05:54 AM

Keck Medicine of USC launches unique wellness program to help potential living kidney and liver donors improve their health and increase donor availability

Almost one-third of potential living kidney or liver donors seen at Keck Hospital of USC have reversible medical conditions which, if improved, could optimize their ability to safely donate

LOS ANGELES — More than 110,000 people in the United States are on the waitlist for lifesaving organ transplants. However, there is a national shortage of available viable kidneys and livers for people on the transplant waitlist, highlighting the need for more living donors.

Living donor transplants, where donors either donate one of their two kidneys or part of a liver to a patient, allow patients in need to receive an organ sooner, improving their chance of survival. Yet nationally, living donor transplants make up only approximately 30% of kidney transplants and 5% of liver transplants.

Each year Keck Hospital of USC assesses some 250 potential living kidney donors and 150 potential living liver donors, typically family or loved ones of the person needing the transplant. Approximately 30% of these donors are rejected due to obesity-related conditions such as high blood pressure, Type 2 diabetes and fatty liver disease. These medical issues may make the surgery less safe for them and can potentially adversely affect the organ they hope to donate.

To improve the health of would-be donors, the USC Transplant Institute of Keck Medicine of USC is launching a unique living donor wellness pilot program that will help donation candidates make sustainable lifestyle changes.

“Keck Medicine wants to creatively and effectively provide the needed support for these donors to not only become healthy for surgery, but for the rest of their lives,” said Jim Kim, MD, director of the program and of kidney and pancreas transplantation at Keck Medicine.

The long-term aspect of the program is crucial. “Without interventions, some of these would-be donors themselves will need a liver or kidney transplant themselves one day,” Kim added.

The program also aims to reduce health disparities in the local community. Keck Medicine serves a large Latinx population, and many of those wishing to become a living donor are Latinx.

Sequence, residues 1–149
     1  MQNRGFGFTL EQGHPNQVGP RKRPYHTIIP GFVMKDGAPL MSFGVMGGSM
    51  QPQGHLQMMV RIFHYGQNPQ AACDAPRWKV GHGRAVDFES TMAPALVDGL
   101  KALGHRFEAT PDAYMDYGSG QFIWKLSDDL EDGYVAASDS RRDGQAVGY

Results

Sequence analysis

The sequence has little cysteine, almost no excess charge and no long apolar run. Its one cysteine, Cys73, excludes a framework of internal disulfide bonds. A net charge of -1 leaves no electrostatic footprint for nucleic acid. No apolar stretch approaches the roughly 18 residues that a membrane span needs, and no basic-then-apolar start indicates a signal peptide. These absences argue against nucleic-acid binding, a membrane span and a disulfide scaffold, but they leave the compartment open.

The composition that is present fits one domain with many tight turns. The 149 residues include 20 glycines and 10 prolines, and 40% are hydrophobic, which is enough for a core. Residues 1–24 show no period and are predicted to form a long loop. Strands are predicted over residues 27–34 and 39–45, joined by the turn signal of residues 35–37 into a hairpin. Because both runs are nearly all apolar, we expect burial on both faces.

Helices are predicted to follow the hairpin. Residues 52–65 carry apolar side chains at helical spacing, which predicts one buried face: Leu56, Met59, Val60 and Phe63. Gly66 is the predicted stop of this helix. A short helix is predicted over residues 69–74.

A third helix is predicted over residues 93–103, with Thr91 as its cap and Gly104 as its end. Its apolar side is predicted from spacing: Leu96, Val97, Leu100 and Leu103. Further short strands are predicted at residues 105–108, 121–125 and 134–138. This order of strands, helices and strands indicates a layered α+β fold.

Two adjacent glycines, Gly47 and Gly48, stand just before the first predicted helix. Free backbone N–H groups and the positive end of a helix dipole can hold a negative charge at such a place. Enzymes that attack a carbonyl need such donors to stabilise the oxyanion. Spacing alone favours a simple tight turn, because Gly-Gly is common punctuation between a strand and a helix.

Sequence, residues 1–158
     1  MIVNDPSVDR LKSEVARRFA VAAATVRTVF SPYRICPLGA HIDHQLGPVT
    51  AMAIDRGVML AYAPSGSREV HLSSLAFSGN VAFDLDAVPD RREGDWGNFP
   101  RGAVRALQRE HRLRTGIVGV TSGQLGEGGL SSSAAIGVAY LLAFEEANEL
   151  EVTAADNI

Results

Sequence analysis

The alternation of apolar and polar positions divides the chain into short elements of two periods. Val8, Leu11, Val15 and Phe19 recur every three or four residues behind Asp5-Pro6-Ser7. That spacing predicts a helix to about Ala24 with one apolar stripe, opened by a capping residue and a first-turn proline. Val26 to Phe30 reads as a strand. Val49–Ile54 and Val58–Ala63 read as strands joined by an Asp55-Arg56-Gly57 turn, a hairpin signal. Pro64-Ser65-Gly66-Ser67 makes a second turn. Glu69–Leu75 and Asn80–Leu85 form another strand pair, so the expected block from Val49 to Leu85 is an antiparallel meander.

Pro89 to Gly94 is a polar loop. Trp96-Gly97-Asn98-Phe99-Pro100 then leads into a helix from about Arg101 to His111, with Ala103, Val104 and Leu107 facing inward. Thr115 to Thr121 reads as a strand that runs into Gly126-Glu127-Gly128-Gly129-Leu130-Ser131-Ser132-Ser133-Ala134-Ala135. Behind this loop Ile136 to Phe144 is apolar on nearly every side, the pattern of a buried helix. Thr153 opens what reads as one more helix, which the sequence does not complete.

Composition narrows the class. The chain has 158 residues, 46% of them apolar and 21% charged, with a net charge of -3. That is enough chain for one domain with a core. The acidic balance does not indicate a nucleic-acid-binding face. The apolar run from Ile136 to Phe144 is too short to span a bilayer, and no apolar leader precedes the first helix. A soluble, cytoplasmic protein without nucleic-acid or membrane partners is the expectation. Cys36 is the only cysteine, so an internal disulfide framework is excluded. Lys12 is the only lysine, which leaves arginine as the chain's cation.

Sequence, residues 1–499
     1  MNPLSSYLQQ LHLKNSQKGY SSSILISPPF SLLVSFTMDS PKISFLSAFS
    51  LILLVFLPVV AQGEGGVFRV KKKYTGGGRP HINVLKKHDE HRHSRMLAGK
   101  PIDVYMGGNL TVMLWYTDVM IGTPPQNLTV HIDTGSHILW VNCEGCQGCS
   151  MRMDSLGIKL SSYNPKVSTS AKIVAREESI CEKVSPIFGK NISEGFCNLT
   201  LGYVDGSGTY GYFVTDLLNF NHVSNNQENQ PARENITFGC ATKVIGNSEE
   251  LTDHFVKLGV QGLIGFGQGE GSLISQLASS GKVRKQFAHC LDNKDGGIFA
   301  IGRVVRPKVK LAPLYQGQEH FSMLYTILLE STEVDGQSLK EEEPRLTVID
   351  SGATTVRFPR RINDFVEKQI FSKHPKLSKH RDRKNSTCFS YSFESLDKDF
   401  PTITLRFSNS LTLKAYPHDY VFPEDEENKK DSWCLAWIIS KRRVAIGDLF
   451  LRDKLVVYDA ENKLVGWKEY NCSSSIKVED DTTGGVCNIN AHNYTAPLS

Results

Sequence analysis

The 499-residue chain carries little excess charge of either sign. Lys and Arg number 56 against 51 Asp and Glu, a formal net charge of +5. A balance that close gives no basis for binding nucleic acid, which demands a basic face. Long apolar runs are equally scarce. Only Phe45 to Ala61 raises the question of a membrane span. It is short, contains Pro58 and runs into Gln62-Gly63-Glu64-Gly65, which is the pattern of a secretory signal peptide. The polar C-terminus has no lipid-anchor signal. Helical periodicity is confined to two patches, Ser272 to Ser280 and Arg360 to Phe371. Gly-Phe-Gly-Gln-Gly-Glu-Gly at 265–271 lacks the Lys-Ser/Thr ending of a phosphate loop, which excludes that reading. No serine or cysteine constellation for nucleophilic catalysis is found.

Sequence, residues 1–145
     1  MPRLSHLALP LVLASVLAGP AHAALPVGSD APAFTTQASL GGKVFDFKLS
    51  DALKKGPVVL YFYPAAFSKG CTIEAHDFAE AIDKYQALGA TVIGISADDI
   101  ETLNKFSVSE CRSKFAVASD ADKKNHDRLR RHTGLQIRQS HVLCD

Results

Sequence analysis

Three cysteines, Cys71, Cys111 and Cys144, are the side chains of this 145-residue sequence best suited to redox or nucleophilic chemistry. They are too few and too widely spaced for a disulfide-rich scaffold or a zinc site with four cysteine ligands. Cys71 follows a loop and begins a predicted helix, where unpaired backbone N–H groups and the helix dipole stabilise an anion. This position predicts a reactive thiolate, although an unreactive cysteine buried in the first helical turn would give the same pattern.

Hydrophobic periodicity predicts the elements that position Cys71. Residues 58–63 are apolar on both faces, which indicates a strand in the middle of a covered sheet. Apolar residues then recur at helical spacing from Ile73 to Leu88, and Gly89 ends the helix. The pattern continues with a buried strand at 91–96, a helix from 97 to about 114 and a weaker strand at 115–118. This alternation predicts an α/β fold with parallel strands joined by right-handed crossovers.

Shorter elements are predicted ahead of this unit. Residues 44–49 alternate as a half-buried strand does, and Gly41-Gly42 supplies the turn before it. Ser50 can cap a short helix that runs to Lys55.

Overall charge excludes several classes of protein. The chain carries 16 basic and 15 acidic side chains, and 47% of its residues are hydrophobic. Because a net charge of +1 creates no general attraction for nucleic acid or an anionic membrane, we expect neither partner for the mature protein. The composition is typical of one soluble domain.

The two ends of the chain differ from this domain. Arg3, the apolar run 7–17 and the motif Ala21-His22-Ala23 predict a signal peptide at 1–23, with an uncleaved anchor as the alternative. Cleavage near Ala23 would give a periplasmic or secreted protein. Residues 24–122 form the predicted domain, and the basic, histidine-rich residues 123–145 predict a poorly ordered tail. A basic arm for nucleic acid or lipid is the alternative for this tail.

“Our efforts are even more crucial because the Latinx community has disproportionately higher rates of obesity and diabetes than other population groups,” said  Helen Hyosun Han, MD, a transplant hepatologist at Keck Medicine and medical director of Keck Medicine’s Living Donor Liver Program.

Participants in the donor wellness program will receive access to nutrition consultations and a registered dietitian, lifestyle redesign coaching with an occupational therapist and fitness support. Participants will also receive a wellness starter kit with additional resources such as:

  • Personalized meal plans, a body weight scale and a sports water bottle.
  • A wearable fitness tracker and a blood pressure monitor.
  • Access to the Mindful USC mobile app, which includes guided meditations.
  • A wellness journal.

Participants will be regularly monitored by the transplant team to determine if and when they are healthy enough to donate. Once a participant becomes a donor, the team will monitor them for two years post-surgery to encourage ongoing healthy lifestyle habits.

The pilot program plans to enroll up to 20 participants in the first year. To be eligible for the program, candidates must be:

  • Eighteen years or older.
  • Financially and psychologically suitable for organ donation.
  • Medically determined to have a fatty liver, prediabetes and/or metabolic syndrome (a cluster of conditions that increase the risk of heart attack, stroke and Type 2 diabetes).

 To learn more about the USC Transplant Institute, please click here.